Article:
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What is python?
Python is a programming language which mostly use interpreter but sometimes uses compiler also. Hence it is mixed. Python is interactive, object-oriented and high-level. It was developed and designed by Guido van Rossum. Python is an open source language hence its source code is also accessible.
Python can be used to program to a lower degree in procedural, object-oriented , in functional style, although at heart Python is an object-oriented Language.
Python is designed to be highly readable. It utilizes English keywords, while other languages use punctuation, and python is less syntactic than other languages. The interpreter processes Python at runtime. Before you execute it, you don't have to compile your program.
Do you Know: Python is named after the comedy television show Monty Python’s Flying Circus. It is not named after the Python snake and a handful of later full-length films, still popular today, including Monty Python and the Holy Grail. Python’s original creator was a fan of Monty Python, as are many software developers (indeed, there seems to be a sort of symmetry between the two fields...).
Is Python a “Scripting Language”?
Python is regarded as a scripting language. In fact, Python is not a language of scripting, but a language of programming for general purposes that also works well with scripting.
We can perform all tasks by Python that java could do. During runtime, both the programming languages are viewed, i.e. python and java. Usually the term scripting means writing code to automate a particular process in a particular environment (like browser).
Scripting Language Features:
Automation into a program of the necessary method.
Fetching information from the provided data sets.
Requires less code than modern programming languages.
What Are Python features?
The features of Python is listed below:
- It’s Object-Oriented and Functional
Python is, from the ground up, an object-oriented language. Its class model supports sophisticated concepts such as polymorphism, overloading of operators and multiple inheritance; however, OOP is extremely easy to apply in the framework of Python's simple syntax and typing.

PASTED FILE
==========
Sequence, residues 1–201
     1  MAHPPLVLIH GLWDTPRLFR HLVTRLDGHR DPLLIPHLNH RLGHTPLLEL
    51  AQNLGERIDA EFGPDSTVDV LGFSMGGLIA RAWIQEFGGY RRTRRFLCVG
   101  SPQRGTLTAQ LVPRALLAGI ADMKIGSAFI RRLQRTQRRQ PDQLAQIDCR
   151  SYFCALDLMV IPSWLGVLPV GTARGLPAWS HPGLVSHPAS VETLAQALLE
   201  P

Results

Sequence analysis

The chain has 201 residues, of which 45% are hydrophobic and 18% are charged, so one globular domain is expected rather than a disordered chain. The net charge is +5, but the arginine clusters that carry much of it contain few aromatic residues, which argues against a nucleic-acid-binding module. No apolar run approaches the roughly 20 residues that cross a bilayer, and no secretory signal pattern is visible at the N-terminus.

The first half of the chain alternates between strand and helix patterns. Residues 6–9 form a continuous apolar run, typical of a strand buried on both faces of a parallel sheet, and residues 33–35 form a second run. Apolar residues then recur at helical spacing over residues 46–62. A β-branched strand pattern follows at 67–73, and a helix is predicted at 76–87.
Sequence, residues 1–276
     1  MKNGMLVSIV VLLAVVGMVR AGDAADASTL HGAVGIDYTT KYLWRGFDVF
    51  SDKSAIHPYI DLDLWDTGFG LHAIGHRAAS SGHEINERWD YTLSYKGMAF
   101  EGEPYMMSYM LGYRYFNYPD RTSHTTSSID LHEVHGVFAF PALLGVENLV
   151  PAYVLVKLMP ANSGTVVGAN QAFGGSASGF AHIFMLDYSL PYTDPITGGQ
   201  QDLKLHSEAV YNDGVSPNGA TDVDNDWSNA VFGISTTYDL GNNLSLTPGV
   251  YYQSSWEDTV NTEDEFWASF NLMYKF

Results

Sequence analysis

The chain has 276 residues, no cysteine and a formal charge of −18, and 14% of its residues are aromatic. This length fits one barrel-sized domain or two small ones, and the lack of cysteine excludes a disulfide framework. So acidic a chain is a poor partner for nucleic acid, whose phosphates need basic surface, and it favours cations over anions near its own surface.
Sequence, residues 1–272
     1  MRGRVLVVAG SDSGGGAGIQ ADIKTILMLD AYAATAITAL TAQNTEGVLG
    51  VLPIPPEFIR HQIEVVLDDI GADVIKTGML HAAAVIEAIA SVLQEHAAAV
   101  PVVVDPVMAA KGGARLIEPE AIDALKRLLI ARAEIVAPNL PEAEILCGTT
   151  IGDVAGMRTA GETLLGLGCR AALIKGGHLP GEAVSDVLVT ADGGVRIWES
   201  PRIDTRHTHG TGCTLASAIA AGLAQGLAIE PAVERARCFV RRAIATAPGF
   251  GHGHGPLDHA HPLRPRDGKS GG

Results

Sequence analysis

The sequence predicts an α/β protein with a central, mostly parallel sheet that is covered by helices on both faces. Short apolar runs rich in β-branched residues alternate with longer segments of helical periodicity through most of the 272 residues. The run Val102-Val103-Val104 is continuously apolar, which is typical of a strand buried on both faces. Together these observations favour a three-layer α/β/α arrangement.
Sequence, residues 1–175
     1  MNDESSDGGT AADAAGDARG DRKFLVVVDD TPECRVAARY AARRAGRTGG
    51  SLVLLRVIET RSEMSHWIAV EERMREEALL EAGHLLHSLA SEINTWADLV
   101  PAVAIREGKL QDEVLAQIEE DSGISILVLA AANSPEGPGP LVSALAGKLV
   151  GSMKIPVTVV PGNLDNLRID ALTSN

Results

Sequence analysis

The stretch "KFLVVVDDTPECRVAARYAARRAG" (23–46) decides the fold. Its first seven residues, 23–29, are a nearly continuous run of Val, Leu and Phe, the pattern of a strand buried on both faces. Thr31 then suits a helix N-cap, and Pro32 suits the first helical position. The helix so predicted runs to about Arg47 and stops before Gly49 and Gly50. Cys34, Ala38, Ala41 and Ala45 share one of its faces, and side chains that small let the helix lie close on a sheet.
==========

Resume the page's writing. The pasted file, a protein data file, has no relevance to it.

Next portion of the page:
In fact, if you don’t understand these terms, you’ll find they are much easier to Learn about any other OOP language accessible with Python.
Python can be used and distributed free of charge.
As with other open source software, such as Tcl, Perl, Linux, and Apache, all of Python's source code is available free of charge on the Internet. Copying it, embedding it into your devices or shipping it with your products are not restricted. In reality, if you are willing, you can even sell Python's source code.
Python's normal application is written in mobile ANSI C, compiling and running on nearly every major presently in use platform. Python programs, for instance, operate on everything from PDAs to supercomputers today. Python can be found as a partial list on:
Linux and Unix systems
Microsoft Windows (all modern flavors)
Mac OS (both OS X and Classic)
BeOS, OS/2, VMS, and QNX
Real-time systems such as VxWorks
Cray supercomputers and IBM mainframes
PDAs running Palm OS, PocketPC, and Linux
Cell phones running Symbian OS, and Windows Mobile
Gaming consoles and iPods
Tablets and smartphones running Google’s Android and Apple’s iOS
Python is a hybrid programming language. Its toolset positions is between traditional languages of scripting (such as Tcl, Scheme, and Perl) and languages of system growth (such as C, C++, and Java) Python offers a scripting language with all the simplicity and ease of use. Usually discovered in compiled languages, along with more sophisticated software engineering instruments.
Dynamic typing: Python tracks the types of objects that your program utilizes when it operates; it doesn’t require complicated type and size declarations in your code. In fact, there is no such thing as a type or variable declaration anywhere in Python. Because Python code does not constrain data types, it is also usually automatically applicable to a whole range of objects.
Automatic memory management: When they are no longer used, Python automatically allocates items and reclaims ("trash collects") and most of them can expand and shrink on demand. Python keeps track of memory details at low levels so you don't need to.
Python involves tools such as modules, classes and exceptions for constructing bigger systems. These tools allow you to organize systems into components, reuse and customize code using OOP, and handle incidents and errors graciously. The functional programming tools of Python, described above, provide additional techniques to achieve many of the same goals.
Built-in tools: Python comes with strong and standard activities to process all these kinds of objects, including concatenation (joining collections), slicing, sorting, mapping, and more.